Fri Nov 13th, 2015
The Southern Ute Drum
Tags: Bob Zahradnik, LLC (SUAE, Solar plant, Southern Ute Alternative Energy, Southern Ute Growth Fund, Southern Ute Growth Fund and La Plata Electric Association, Southern Ute Growth Fund Operating Director, Southern Ute Indian Tribe, U.S. Department of Energy, Vice Chairwoman Ramona Eagle
The Southern Ute Indian Tribe will continue its expansion of providing renewable energy across tribal land; as of Monday, Nov. 9, the Southern Ute Growth Fund and La Plata Electric Association announced that a proposed solar photovoltaic project has received approval from the Southern Ute Tribal Council.
The project will allow a solar energy facility to be established on 10 acres of tribal land in Oxford, just outside of Ignacio, and will generate energy equivalent to 15 percent offset of the total energy usage at about 10 tribally-owned buildings, or about the equivalent of the electricity consumption at 250 common households.
“A project like this has been a long time coming,” Vice Chairwoman Ramona Eagle said after the approval was made. “I’m happy this is finally happening and that we continue [expanding] solar energy in Indian Country.”
The Southern Ute Alternative Energy, LLC (SUAE), a division of the Growth Fund, has worked with LPEA since the beginning of 2014 on details for connecting the one megawatt solar facility to LPEA’s electric distribution lines, with hopes of building more solar facilities in the future once the price of solar energy goes down.
The project has grant funding from the U.S. Department of Energy, which specifies that the project must be built on tribally owned lands and that the electricity generated is for the benefit of the Tribe.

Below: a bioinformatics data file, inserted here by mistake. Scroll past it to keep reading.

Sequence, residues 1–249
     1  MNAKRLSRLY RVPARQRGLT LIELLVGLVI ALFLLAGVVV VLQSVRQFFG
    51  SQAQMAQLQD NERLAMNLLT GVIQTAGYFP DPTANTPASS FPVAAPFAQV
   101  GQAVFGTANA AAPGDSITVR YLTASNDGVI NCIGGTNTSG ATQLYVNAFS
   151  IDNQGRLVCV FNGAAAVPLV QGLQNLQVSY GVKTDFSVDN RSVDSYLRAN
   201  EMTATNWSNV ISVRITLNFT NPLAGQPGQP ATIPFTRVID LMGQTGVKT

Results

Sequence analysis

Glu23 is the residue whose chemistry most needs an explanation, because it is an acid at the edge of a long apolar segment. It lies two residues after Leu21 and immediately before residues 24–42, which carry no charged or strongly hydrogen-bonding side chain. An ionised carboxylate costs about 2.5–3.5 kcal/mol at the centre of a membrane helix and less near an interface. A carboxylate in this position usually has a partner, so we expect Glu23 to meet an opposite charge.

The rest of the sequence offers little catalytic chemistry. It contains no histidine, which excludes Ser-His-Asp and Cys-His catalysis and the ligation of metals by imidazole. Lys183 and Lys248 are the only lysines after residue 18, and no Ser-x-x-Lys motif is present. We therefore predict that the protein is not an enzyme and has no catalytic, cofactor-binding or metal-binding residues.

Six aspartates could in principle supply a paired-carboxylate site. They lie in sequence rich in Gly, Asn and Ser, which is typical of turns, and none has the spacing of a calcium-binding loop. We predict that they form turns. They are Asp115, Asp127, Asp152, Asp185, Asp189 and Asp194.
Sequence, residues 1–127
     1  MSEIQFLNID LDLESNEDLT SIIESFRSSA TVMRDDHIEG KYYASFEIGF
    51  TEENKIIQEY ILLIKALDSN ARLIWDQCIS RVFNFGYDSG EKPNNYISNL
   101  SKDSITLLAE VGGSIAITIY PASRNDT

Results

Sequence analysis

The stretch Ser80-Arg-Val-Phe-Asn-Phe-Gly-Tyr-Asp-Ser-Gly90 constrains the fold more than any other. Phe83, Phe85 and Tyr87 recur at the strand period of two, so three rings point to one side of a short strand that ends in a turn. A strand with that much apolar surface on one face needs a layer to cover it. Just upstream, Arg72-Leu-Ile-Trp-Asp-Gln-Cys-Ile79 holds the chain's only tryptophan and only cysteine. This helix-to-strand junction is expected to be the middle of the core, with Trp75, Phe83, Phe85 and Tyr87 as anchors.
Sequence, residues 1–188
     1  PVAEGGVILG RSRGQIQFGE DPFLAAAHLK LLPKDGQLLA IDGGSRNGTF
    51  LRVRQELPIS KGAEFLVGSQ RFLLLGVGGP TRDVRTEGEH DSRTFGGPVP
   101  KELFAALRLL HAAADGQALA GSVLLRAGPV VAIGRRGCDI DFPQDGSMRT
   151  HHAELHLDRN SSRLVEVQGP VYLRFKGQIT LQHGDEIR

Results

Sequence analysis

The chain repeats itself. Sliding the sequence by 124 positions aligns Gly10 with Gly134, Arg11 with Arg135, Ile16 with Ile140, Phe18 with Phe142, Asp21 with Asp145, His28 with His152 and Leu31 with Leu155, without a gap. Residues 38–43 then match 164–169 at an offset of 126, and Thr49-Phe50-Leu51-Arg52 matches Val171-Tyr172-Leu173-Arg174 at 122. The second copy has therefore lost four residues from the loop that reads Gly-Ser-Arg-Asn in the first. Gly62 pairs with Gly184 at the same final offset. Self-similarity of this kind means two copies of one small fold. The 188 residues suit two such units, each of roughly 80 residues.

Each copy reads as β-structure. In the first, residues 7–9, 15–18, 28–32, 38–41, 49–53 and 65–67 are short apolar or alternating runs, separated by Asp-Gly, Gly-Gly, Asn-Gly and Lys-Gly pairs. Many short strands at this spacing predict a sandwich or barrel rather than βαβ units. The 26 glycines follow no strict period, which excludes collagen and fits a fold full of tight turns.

In Jan. 2014, the Tribe was awarded $1.5 million in grant money to install the solar facility, while matching the funds with $1.5 million of its own.
“We appreciate the support of LPEA’s staff and Board to help make this project a reality. We are pleased to be able to bring this project and its locally-produced energy to the tribal community,” Bob Zahradnik, Southern Ute Growth Fund Operating Director stated.
Solar energy facilities have the tendency of lasting from 25 to 30 years and provides cleaner energy than coal emissions, which is what most of the tribe is powered by.
“From a science point of view, the solar energy facilities hold up well over time. They are more efficient and cheaper than they used to be,” Rebecca Kauffman, President of the Southern Ute Alternative Energy said. “The reservation will be seeing cleaner power in the near future thanks to this approval.”
The next steps of action for the project are to finalize the specific site on the reservation with a complete detailed design and pass LPEA’s engineering review.